• This is not to suggest that the technology industry, like others, could not benefit from incentives to promote beneficial behavior, nor that regulation may never be necessary[; t]o the contrary, there are a wide range of social outcomes that policy makers might want to encourage.
  • [T]he best approach to obtaining potential benefits is typically with positive incentives (the “carrot”) rather than reaching instinctively for the regulatory “stick.”
  • With parties given incentives to create solutions, imaginative new approaches can improve outcomes while costly “unintended consequences” are avoided.
  • While the use of positive incentives may take longer to propagate through the economic system than the use of direct regulation, the reality is that positive incentives, particularly if deployed to a wide range of organizations…can have similar outcomes to direct regulation over the long run.
  • The danger of regulatory overreach in the technology sector is particularly strong. Regulations are inherently rigid…This reality makes it hard to engage in rapid course correction when needs change, perhaps – as endemically occurs in this sector – because an established business model has been disrupted or an underlying technology displaced.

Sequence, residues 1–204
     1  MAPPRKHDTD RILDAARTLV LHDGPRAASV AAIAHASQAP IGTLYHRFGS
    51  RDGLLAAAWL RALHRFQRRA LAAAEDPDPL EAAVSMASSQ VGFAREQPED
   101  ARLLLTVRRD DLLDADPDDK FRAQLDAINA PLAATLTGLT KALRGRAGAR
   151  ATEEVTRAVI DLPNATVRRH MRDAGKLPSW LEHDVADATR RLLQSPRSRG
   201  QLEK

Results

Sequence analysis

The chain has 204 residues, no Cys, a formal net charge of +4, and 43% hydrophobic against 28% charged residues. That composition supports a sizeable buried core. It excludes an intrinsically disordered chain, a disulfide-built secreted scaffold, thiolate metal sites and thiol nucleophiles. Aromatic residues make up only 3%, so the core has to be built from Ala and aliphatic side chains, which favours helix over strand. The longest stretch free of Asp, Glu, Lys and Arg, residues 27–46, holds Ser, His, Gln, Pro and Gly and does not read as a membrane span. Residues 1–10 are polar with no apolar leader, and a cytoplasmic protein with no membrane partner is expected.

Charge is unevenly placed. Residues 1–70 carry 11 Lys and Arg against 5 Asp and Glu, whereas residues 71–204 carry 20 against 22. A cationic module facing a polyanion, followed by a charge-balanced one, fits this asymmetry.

• Rules which had been perceived as necessary remain stuck in time, fixed in place long past their usefulness. There they become impediments rather than expedients.
  • More often than not, regulators would be wise to follow the advice, “Don’t just do something, stand there.”
  • With short-lived product cycles and waves of technological progress, heavy administrative processes will struggle to keep up. Regulators are not known for an innovative approach to seeking better, more efficient ways to regulate.
  • In an environment where the market is dynamic, this paper concludes that the best answer is a “do no harm” approach to the use of regulatory tools…[employing] general standards whose meaning evolves as technologies change.

To read more, click here.

Distinguished Speaker Series: Senator Tom Cotton on Defending the Nation and Section 702











The National Security Institute at the Antonin Scalia Law School, George Mason University and the Intelligence and National Security Foundation present the first event in our Distinguished Speaker Series featuring Senator Tom Cotton, Member of the Senate Select Committee on Intelligence and Chairman of the Airland Subcommittee of the Senate Armed Services Committee, for a discussion on defending the Nation in the 21st Century, including Section 702 reauthorization and empowering the intelligence community to detect and monitor threats to our nation.